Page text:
Two of Limoneira's three operating segments are Real Estate and Rental Operations. Over 90% of Limoneira's business is as a lemon, avocado, and fruit grower with 7,000 acres producing and second quarter agribusiness revenues of $22.3 million.It owns 1,300 acres of prime California property near, Los Angeles which it is currently developing into commercial, industrial, workforce housing, and residential housing. In this last quarter, the company also entered into an agreement with Cadiz for rights to plant 1,280 acres with lemons, and acquired Associated Citrus Packers gaining an additional 1,300 acres in Yuma, Arizona with Colorado River access.

In good news for Calavo, Limoneira's second quarter saw 50% growth in avocado sales. That second quarter saw significant reduction in debt, by $37.1 million. In the third quarter just reported September 9 the company further reduced long-term debt by $11.7 million and its LT debt now stands at $47.4 million.

The third quarter release also saw revenue increases in all three operating segments: 21% in Agribusiness,10% in Rental Operations, and a threefold increase in Real Estate development. Although the company guided for lower lemon and avocado prices, higher production leaves guidance reaffirmed.

The big banana
Fresh Del Monte Produce (NYSE: FDP)
is much larger at a $1.7 billion market cap. The international producer and distributor of produce, especially bananas, is trading at the lowest price to book of these at .89 (Calavo at 3.73 and Limoneira at 3.56) and the lowest trailing P/E of 13.40.

The company offers a 1.70% yield, at an easily sustainable payout ratio of 20%. Price to sales is also the lowest of these at .46. Its stock hit a 52 week high of $29.85 on September 9.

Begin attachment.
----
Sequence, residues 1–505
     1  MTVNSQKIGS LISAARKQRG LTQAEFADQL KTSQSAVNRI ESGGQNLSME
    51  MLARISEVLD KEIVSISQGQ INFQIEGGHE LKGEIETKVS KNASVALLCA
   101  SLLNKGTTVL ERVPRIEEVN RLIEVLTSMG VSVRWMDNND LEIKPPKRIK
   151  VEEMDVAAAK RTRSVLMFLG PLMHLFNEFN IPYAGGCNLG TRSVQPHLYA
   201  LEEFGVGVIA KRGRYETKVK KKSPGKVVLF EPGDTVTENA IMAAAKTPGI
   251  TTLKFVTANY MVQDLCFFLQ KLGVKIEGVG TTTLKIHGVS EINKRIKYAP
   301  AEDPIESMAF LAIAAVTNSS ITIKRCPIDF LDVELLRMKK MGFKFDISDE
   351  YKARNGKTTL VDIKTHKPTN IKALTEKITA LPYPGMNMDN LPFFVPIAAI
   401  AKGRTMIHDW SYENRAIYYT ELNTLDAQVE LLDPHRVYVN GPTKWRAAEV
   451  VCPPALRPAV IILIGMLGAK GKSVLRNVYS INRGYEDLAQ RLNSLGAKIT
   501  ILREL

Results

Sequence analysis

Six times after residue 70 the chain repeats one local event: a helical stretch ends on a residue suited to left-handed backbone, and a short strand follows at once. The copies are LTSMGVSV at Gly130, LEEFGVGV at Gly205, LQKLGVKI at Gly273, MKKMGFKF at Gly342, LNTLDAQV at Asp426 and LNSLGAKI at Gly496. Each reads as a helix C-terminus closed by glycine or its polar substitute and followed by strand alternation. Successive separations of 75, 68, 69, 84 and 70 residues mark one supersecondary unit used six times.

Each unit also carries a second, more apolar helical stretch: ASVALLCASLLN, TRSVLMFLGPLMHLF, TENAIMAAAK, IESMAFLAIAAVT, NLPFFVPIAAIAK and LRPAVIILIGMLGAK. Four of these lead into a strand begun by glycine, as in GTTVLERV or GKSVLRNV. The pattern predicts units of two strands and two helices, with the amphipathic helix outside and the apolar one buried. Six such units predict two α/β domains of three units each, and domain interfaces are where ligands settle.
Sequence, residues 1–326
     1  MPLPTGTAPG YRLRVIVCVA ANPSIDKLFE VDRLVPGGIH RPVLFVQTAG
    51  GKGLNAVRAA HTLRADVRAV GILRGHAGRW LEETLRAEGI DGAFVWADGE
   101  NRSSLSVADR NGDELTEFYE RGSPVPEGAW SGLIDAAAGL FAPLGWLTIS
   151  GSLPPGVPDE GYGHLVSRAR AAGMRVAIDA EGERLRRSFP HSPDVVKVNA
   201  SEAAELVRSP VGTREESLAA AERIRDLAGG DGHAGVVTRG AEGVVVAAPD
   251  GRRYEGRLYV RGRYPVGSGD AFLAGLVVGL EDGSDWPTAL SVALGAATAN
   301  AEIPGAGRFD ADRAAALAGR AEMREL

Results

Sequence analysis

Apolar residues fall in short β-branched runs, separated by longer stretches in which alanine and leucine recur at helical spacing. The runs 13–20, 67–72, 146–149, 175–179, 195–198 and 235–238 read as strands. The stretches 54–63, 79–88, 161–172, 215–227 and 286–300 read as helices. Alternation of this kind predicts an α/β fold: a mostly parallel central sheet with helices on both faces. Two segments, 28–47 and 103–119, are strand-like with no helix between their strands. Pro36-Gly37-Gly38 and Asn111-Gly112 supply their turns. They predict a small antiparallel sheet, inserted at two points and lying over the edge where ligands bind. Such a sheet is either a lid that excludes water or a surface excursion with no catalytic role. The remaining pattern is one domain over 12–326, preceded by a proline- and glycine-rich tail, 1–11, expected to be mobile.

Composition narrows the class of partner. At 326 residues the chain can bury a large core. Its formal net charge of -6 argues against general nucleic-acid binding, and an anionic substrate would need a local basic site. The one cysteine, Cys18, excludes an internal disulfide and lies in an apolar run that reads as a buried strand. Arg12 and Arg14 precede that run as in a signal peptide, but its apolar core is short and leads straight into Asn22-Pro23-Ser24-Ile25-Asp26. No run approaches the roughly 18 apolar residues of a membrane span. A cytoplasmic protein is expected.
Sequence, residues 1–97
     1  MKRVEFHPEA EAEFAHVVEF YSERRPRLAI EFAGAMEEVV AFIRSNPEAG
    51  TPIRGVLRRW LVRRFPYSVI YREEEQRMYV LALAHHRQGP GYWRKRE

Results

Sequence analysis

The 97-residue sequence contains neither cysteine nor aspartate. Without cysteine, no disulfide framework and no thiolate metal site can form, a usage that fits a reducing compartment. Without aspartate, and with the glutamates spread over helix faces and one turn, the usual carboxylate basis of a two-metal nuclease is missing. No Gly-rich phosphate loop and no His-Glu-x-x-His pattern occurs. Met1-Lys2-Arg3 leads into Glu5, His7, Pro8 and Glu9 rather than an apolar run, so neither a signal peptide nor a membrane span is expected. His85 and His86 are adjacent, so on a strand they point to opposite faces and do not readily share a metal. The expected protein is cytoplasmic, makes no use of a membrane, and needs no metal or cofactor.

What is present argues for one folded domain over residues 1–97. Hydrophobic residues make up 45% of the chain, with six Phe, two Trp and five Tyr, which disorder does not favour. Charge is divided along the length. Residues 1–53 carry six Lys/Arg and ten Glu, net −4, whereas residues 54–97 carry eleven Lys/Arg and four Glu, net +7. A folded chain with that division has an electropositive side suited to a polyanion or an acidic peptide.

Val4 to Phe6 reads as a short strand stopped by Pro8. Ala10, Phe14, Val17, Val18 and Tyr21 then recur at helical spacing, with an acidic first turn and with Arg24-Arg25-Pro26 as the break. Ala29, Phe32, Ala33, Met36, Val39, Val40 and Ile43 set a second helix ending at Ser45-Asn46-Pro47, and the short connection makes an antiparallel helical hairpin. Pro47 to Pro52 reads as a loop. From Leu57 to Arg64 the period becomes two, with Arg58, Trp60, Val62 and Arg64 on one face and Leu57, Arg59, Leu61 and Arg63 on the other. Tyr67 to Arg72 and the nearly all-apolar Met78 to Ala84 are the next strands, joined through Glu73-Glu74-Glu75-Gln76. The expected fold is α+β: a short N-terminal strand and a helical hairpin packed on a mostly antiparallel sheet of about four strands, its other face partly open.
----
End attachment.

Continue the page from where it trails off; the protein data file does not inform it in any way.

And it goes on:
Fresh Del Monte competes with Calavo not only on avocados but also fresh cut convenience offerings, with Fresh Del Monte reporting a 7% increase in North American fresh cut sales. Fresh Del Monte also has a vibrant emerging market and global business, with second quarter net sales up 36% in the Middle East and stronger performance in Asia.

The Foolish takeaway
There is still risk with produce stocks despite a "burgeoning" demand for these companies' products, as was pointed out in Calavo's annual report of a tomato market freefall in 2012 due to Mexican oversupply. Similarly, Fresh Del Monte's gross margin took a second quarter hit due to a strike in Costa Rica forcing the company to source higher priced bananas in Ecuador, as well as unfavorable foreign currency transactions. Limoneira also saw smaller avocados due to weather.

Nonetheless, all three are benefiting from worldwide trends toward healthier eating. Of these, Calavo with its high yield and stake in Limoneira is a better bet than Limoneira alone. Fresh Del Monte is the value name, trading below book, and it has an emerging market growth kicker.

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The article Produce Stocks Can Make You Green originally appeared on Fool.com.

AnnaLisa Kraft has no position in any stocks mentioned. The Motley Fool has no position in any of the stocks mentioned. Try any of our Foolish newsletter services free for 30 days. We Fools may not all hold the same opinions, but we all believe that considering a diverse range of insights makes us better investors. The Motley Fool has a disclosure policy.